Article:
Sasquatch Sunset (2024)

Movie Info

Movie Info

David & Nathan Zellner
Run Time
1 hour and 29 minutes

VP Content Ratings

Sex & Nudity
Star Rating
★★★★4.5 out of 5

Relevant Quotes

 For everything there is a season and a time for every matter under heaven:

a time to be born and a time to die;
a time to plant and a time to pluck up what is planted;
a time to kill and a time to heal;
a time to break down and a time to build up;
a time to weep and a time to laugh;
a time to mourn and a time to dance;
a time to throw away stones and a time to gather stones together;
a time to embrace and a time to refrain from embracing;
a time to seek and a time to lose;

Ecclesiastes 3:1-6
The family performs a ritual with beating sticks. (c) Bleecker Street Media

David & Nathan Zellner have chosen an unusual group of a species that may exist only in our imaginations, a family of Sasquatches. We usually think of them as a single creature, often calling them Big Foot, but the filmmakers focus upon a family—the two parents and two male offspring. We follow their ups and downs through the four seasons of a year.

In “Spring” the family members groom each other, extrcting insects and such from their long hair. The adults engage in sex. (The mles have small penises that poit upward when aroused—parents who haven’t talked about sex with their children about sex will probably want to watch this film by themselves.) There is no dialogue, just grunts and groans and cries as they move about in the thick forest. Kids who love fart jokes will find much to enjoy. There is also a far too close of a painful encounter with an angry snapping turtle that is funny only to those looking on.

Indeed, the film starts out as a comedy and slowly evolves into a tragedy of loss and survival as one of the youngsters falls pray to a large mountain lion. The creatures periodically take up large sticks and bng rhtymically on large trees, then pause looking toward the sky as if they expect to hear a reply. By the end of the film, as one of them succombs to a deadly accident, we wonder if we are witnessing the extinction of the species—though there is also a birth. There are no subtitles, other than the four that announce the seasons, so the filmmakers show great respect for the viewers’ ability to figute things out,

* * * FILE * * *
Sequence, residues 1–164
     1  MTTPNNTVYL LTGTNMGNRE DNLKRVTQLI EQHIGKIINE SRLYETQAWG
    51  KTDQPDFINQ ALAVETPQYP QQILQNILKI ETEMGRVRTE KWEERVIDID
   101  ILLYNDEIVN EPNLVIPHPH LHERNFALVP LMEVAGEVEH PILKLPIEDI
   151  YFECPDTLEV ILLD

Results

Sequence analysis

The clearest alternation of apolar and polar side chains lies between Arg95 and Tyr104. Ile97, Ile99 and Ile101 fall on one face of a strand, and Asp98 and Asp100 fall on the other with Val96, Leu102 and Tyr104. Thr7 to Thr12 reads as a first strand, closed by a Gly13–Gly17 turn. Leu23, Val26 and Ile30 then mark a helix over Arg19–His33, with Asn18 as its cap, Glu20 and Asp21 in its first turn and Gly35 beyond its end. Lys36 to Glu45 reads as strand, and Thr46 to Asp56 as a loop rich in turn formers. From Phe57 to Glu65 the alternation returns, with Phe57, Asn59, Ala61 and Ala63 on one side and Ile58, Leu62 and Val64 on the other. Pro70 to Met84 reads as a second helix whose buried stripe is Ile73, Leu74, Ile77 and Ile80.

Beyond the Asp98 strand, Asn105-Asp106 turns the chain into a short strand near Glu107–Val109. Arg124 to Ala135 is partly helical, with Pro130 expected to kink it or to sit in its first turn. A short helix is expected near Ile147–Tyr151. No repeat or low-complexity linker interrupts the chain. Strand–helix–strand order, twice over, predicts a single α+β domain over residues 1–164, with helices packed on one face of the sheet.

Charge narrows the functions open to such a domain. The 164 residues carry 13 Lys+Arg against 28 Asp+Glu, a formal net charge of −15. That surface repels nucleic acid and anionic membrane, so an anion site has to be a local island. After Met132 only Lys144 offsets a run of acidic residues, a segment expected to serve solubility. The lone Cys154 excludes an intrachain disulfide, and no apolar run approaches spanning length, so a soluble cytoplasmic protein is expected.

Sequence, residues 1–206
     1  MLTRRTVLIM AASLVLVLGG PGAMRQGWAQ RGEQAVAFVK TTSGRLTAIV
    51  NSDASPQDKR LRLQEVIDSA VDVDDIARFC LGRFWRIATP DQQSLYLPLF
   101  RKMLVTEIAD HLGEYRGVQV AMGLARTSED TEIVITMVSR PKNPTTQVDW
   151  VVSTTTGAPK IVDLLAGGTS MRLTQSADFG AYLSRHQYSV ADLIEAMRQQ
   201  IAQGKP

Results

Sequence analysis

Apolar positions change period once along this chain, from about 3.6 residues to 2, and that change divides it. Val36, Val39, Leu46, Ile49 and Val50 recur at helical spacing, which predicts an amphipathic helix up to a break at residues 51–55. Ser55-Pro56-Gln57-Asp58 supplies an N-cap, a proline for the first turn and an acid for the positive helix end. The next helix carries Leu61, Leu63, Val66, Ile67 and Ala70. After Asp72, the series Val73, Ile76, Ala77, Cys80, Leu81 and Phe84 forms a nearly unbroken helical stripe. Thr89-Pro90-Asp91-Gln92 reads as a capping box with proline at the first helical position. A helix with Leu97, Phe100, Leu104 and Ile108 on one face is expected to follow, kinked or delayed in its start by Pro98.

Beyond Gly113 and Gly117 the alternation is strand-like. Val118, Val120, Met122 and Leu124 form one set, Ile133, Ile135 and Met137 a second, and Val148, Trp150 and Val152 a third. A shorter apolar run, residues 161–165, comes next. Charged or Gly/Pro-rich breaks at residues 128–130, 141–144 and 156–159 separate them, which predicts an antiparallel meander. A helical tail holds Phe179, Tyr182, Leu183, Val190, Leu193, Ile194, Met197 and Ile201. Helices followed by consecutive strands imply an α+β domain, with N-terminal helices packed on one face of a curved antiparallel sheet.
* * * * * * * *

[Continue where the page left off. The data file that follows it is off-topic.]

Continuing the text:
The thick suits of hair and makeup make it all but impossible to identify the major stars Jesse Eisenberg and Riley Keough, except in an occasional close-up. Christophe Zajac-Denek and Nathan Zellner play the other members of the family. Thus the film avoids the laughability of the get-up in other Big Foot films. Through their eyes and gestures the actots make us believe in these creatures and come to care for them. There are no humans depicted, though their presence is seen—in one sequence the family comes upon a campsite, which they explore and trash. There also a road cut through this northern California forest.

This Big Foot film puts to shame the man other Sasquatch films, many of them in the horror genre. Depicted as a part of Nature with feelings and emotional relationships, the film led me o reflect upon the title that includes “sunset” rather than “Sunrise.” It truly would be a trgedy if we were inded being shown their demise. Such is the magic of the Zellner brothers.

 This review is in the May issue of VP along with a set of questions for reflection and/or discussion. If you have found reviews on this site helpful, please consider purchasing a subscription or individual issue in The Store.

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